Ms. Martin grew up in a musical family. Her father, Emil Martin, a longtime program director for McClatchy Broadcasting, got his start before World War II with KFBK radio as a studio organist and musical director in the days of studio orchestras, said her brother Richard Martin. Her mother, Helen Martin, was a singer.
Ms. Martin studied at California State University, Sacramento, and UC Berkeley, but she was more interested in singing than academics, her brother said. When she was 18, she entered the Merola Training Program at the San Francisco Opera. Two years later, she won the Metropolitan Opera auditions in New York, placing first among 1,500 singers. The first prize consisted of $2,000 and a three-year contract at the Met. At the end of those three years, she went to Germany, which became her home base for most of the next 40 years.
She began her career as a mezzo soprano, but transitioned to a soprano.
“Soprano roles tend to be the more dramatic and starlike roles,” said Richard Martin. “Her forte was (operas by) Wagner and Strauss.”
She devoted much of her career to performing in Richard Wagner operas, in roles that included Senta, Sieglinde, Kundry, Isolde and Brünnhilde.
Ms. Martin performed at all the major opera houses. She enjoyed long associations with the Deutsche Oper Berlin and the Bayreuth Festival, and also performed at La Scala, Vienna State Opera, the Royal Opera House, Covent Garden, Paris Opera and Staatsoper Hannover.
Ms. Martin was twice married and divorced. He second husband, Gerhard Hellwig, was the artistic director to Wieland Wagner in Bayreuth, and the director of a boys choir. Their son Robert Martin recalls singing in his father’s choir and performing with his mother on stage as a child. His mother often appeared in “Hansel and Gretel” sometimes in the role of the mother, and other times as the witch.
The world of opera was somewhat puzzling to him as a child, her son said, recalling that he once commented to his mother, “You always die at the end of the opera, but the people still applaud.”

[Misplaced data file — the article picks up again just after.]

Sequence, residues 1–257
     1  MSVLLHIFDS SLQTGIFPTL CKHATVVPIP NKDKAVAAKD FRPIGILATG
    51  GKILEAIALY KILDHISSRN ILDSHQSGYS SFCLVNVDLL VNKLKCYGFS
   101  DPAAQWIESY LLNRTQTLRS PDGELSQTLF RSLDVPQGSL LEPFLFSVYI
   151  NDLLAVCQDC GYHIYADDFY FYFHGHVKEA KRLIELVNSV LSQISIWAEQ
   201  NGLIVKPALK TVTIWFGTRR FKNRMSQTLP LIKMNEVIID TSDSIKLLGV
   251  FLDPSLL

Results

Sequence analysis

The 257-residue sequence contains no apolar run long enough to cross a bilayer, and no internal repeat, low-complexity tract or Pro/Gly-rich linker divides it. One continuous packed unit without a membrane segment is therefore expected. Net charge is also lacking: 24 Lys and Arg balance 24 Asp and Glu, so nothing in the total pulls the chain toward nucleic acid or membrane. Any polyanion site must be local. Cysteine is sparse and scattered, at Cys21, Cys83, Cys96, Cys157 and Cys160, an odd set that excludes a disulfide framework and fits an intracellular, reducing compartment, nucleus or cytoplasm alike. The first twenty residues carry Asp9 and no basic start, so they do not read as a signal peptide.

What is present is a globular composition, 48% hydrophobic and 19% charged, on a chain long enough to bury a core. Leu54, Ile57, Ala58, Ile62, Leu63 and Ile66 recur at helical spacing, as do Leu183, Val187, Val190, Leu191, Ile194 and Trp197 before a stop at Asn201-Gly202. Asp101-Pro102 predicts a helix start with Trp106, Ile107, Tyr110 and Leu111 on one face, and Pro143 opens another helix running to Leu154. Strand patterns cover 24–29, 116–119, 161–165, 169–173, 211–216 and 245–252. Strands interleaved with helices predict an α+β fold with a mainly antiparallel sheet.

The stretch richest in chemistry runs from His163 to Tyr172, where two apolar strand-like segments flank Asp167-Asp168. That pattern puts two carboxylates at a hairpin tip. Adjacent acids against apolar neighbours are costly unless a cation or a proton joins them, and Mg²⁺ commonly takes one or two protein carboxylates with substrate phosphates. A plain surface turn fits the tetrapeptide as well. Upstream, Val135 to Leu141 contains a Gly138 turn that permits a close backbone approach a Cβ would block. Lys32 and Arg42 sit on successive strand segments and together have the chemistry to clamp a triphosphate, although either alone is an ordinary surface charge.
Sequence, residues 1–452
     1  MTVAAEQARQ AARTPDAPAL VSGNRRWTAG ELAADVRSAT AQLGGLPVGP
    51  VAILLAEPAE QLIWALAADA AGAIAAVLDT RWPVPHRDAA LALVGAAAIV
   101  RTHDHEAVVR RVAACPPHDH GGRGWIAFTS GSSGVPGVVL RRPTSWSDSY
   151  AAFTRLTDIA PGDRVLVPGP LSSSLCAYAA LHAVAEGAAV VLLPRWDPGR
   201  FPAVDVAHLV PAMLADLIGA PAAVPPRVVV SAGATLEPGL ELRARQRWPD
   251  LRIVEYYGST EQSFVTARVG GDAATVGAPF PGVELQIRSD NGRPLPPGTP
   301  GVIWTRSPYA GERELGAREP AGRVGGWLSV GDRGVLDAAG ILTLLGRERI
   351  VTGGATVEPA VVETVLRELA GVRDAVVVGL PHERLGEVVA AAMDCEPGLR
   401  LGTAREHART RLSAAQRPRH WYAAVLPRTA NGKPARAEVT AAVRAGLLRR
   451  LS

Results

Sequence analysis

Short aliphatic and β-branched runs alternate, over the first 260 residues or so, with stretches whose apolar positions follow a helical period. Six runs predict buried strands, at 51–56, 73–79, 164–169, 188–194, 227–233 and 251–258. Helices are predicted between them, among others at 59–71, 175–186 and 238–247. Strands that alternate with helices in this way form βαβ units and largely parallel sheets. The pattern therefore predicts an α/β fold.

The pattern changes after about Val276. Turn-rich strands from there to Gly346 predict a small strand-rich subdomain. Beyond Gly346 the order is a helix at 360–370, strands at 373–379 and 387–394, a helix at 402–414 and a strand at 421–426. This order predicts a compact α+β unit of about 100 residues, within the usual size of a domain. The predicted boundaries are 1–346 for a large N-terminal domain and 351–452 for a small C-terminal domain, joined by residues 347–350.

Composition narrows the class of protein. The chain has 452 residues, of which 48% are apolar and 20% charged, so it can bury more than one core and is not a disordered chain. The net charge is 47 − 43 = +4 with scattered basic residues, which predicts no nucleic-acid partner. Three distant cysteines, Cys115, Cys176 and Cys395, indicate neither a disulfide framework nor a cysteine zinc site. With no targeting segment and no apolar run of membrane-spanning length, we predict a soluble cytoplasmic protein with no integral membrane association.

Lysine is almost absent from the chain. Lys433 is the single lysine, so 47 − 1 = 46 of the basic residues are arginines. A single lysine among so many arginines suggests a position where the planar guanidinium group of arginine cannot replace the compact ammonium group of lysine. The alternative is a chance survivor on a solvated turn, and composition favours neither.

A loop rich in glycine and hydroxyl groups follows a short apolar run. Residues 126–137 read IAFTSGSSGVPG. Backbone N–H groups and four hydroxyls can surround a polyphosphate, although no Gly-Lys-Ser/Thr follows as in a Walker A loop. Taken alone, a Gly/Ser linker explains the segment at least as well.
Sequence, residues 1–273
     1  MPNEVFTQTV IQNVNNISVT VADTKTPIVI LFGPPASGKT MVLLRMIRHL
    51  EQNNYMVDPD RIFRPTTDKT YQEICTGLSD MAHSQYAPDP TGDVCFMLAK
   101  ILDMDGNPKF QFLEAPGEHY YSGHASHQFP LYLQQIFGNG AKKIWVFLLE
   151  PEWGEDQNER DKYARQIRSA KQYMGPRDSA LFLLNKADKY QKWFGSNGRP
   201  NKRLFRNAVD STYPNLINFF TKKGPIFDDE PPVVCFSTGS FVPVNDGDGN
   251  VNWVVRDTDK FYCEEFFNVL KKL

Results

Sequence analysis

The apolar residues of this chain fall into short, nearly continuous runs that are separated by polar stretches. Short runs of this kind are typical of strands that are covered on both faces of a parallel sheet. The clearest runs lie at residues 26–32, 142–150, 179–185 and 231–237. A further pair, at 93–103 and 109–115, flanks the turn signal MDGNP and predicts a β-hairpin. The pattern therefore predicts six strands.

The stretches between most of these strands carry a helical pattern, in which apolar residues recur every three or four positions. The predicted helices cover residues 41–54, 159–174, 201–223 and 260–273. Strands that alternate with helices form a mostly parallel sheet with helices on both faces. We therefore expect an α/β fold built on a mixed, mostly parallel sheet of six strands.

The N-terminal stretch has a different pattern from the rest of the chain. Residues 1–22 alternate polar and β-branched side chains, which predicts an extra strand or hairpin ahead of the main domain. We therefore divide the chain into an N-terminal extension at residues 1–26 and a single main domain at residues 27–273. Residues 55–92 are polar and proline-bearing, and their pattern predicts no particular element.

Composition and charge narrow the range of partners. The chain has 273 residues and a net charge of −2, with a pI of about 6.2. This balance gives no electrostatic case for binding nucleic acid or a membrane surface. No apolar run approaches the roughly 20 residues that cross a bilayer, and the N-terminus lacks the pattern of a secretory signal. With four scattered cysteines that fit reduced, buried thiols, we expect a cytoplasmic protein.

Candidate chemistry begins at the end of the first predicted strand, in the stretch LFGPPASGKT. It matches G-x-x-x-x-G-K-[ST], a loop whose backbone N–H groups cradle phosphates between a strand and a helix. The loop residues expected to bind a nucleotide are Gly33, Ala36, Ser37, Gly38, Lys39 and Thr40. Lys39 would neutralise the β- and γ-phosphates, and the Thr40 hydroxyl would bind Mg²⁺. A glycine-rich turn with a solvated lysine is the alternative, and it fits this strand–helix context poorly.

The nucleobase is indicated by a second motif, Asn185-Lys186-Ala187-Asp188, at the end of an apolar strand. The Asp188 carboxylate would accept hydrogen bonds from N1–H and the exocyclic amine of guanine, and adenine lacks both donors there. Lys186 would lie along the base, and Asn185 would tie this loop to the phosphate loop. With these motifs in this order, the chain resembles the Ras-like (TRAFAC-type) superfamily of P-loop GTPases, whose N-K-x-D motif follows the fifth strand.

In a June 2000 interview with Opernwelt Magazine, Ms. Martin said, “I always separated my stage life and my private life, and that was not easy. I sang in all the big houses, but I was never No. 1, because I did not want that. I wanted to have my private life. If you are right on top, you are a public figure.”
She retired later that year and spent the last seven years of her life in San Antonio, where her son lives, enjoying the role of “Omi,” or grandmother, to her two grandchildren, ages 5 and 8.
“She had a full life and a massively successful career,” said her son, adding that she seemed content in retirement.
Her cousin Chris David of Fair Oaks recalled that Ms. Martin last visited Sacramento in September. She spent time with relatives, including her 97-year-old aunt, David’s mother, Phyllis Boyles.
David said she was playing a CD of her favorite band, Tom Rigney and Flambeau, in the car and Ms. Martin asked the name of the group. “She said she really liked them and she encouraged me to tell them she did,” David said.
David also recalled when she, Ms. Martin and their sons attended a wrestling match several years ago at Arco Arena. Getting into the spirit of the event, Ms. Martin began booing, and with her operatic voice, recalled her cousin, “she projected so beautifully.”
David described Ms. Martin as “just a regular person. She wasn’t a diva.”
Richard Martin said he will remember his sister as an ebullient woman with a wonderful sense of humor.
Robert Martin said his mother died of natural causes, but her death was unexpected. She was in reasonably good health and leading an active life.
When she retired at age 60, he said, she was still singing the biggest roles of her career. “She never wanted to sing the ‘old lady’ roles,” he said. “She never in life played the old lady role, so I guess there’s some parallel one can draw.”
Ms. Martin is survived by her son, brother and two grandchildren. At her request, her son said, no formal services are planned.
Call The Bee’s Cathy Locke, (916) 321-5287.